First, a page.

This year four generations of our family donned our favorite aprons to make ‘green tamales’ or tamales de rajas. Right before Christmas we’ll make the ‘red tamales,’ or the red chile and pork tamales.

On our table, (picture above) in the twelve o’clock position is the masa preparada (prepared corn meal), at three o’clock, are strips of Ortega California green chile, at six o’clock, is more masa, at eight o’clock, is shredded Monterrey and Cheddar (a big mistake-use Monterrey only), at nine o’clock, is a pitcher of homemade chile, and in the center are the soaked corn husks, or ojas. We use a knife to spread the masa onto the oja; some people are adept with a spoon or a tamale spreader that looks like a cement masonry spreader. We are butterknife people.

Assembly line style, the five of us (four generations) spread the masa onto the oja and fill up every spot on the table. Two people stuff and fold the tamales. To get this important job you have to work your way up from tamale spreader to the stuffer.

This year, my eleven-year-old niece (representing the fourth generation) who graduated to tamale stuffer last year. You can see how proud she looks. She’s been helping since she was five years old. That’s her grandmother beside her (the second generation).

Corn husks with masa ready to be stuffed-www.alvaradofrazier.com
Corn husks with masa ready to be stuffed by the fourth generation-www.alvaradofrazier.com

I remember when her mother was five and helped spread masa on the corn husks. Truthfully, she spread more on the table than on the ojas, but that’s how you learn. This is a picture of her now (she’s the third generation).

spreading tamale masa
Tamale Time with the third generation. http://www.alvaradofrazier.com

This is how traditions are carried on through the years, from the parents to the children. It’s one of the touchstones that ground us to this world. For us, it’s part of parenting.

My portion of the tamales is in the freezer, ready to make the trip to Denver for a snowy white Christmas. While I’m there, I’ll make tamales and carry on the tradition, with a vegan twist, with my son and daughter.

Many of you are from different cultures and places in the world. I’d love to know what traditional food you make during this time of year. If you have a link to a post you’ve written about your tradition, please include it in the comment section so we can visit your home and kitchen.

Thank you and enjoy the holiday season.

 

Healing, Latino culture, Loss, Mexican traditions, Writing

Do You Know How to Use a Curandera?

Mexican Seri Woman Crossing the Desert
Mexican Seri Woman Crossing the Desert photo by Gabriela Iturbides

Do you know how to naturally heal fright or trauma? No? More about susto later.

During the last two years, I’ve worked on a story about an ambitious twenty-one-year-old with a ten-year plan to become a State Senator who drops out of college because of a broken engagement. She meets a grandmother and granddaughter who are curanderas. Although she doesn’t believe in this Mexican tradition of healers she takes matters into her own hands and makes a love potion. When the wrong people, her mother, ex-fiancé and others, drink the potion and fall in love she has to discover an antidote. Her search takes her to Oaxaca, Mexico to meet a curandera who may be able to help her heal her susto and give her the correct potion to make things right.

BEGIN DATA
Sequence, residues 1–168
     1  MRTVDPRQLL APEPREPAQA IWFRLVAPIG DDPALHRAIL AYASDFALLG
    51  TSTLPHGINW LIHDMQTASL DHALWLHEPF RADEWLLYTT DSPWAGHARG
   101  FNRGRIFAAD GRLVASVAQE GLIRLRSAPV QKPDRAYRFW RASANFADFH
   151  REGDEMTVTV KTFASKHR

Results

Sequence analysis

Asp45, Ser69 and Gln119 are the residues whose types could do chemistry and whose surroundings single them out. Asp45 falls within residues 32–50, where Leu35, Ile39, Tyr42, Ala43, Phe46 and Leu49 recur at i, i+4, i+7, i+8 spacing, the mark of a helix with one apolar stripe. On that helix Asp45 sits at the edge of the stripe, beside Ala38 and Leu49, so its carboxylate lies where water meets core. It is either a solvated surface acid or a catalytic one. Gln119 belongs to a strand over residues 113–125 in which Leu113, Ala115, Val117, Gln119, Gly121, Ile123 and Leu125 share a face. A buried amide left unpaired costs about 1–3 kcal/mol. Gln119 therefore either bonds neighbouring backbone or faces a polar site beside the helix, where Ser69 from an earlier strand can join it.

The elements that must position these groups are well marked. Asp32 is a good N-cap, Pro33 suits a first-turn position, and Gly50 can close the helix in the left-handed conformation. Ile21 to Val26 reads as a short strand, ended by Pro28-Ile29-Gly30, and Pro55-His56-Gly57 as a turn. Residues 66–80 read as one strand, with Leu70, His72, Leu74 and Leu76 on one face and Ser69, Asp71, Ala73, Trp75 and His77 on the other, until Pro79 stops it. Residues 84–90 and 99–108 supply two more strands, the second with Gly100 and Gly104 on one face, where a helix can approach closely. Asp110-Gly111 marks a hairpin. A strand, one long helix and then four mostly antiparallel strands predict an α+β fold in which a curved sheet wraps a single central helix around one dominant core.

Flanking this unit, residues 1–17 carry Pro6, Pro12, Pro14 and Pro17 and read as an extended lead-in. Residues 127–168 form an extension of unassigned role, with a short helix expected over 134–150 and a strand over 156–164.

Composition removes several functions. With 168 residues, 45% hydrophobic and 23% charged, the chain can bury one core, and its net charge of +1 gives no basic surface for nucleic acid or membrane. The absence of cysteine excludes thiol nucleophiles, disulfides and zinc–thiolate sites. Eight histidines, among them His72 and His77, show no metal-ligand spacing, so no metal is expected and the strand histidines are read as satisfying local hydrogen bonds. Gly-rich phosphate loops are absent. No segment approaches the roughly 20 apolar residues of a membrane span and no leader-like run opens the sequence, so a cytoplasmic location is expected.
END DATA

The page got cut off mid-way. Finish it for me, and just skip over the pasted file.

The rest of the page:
city of Puebla, Mexico
Puebla, Oaxaca, Mexico photo by Russ Bowling, unsplash.com

When I was a kid, every mother knew of a local curandera. Using their services was normal. For centuries, the Mexican culture has had curanderasSome cultures may call these people shamans, or medicine men or women. Some people call them, incorrectly, witches. 

Curanderismo is a healing art and a curandera/o is a healer who uses herbs, ointments, massage, and cleansings to cure an illness and do spiritual and psychic healings. They and the community believe the curandera has a spiritual calling to heal. They are often descendants of other curanderas.

mayan, healer, maya
Margarita, Mayan Healer

The photo above shows a Mayan healer in Mexico. In the U.S, and my experience, the curanderas were usually grandmothers wearing aprons or elderly men in work clothes who conducted their ritual healings in their home or garage. Now they are more likely to work in a botanica which sells candles, oils, herbs, and other items such as amulets.

Using the services of a healer involved a small fee or a barter. This is probably why most Mexicans and Mexican Americans used a curandera. Either a doctor visit was too expensive, wasn’t available, or the doctor dismissed an ailment. Here’s a link to a doctor who discusses traditional remedies.  

But back to healing fright or susto. It seems there are degrees of susto. A person can be suffering a shock, an emotional trauma, or be in such a state of anxiety that they can’t function; which is the case with my main character in my novel in progress. When this happens, they are said to be suffering from susto.

A spiritual cleansing, limpia,  is often used by taking a bunch of selected herbs made into a small hand broom which is whacked across the entire body. This removes negative energy. After this, an egg is held above the head, moved around the body, and cracked open into a container which the curandera inspects. Why an egg? It is believed that an egg has the natural ability to absorb engergies around it. Finally, water is spit on the person. I know, sounds strange but this is what happens.

Curanderismo is not only a Mexican tradition but one that is found in most of Latin America and the Carribean. The subject is one that has fascinated me so much I had to write a novel (work-in-progress) featuring curanderas. Take a look at my storyboard for this novel. You may come across some interesting information.

Disclaimer: This post is not suggesting you use a curandera in lieu of a medical practitioner; that is your own decision.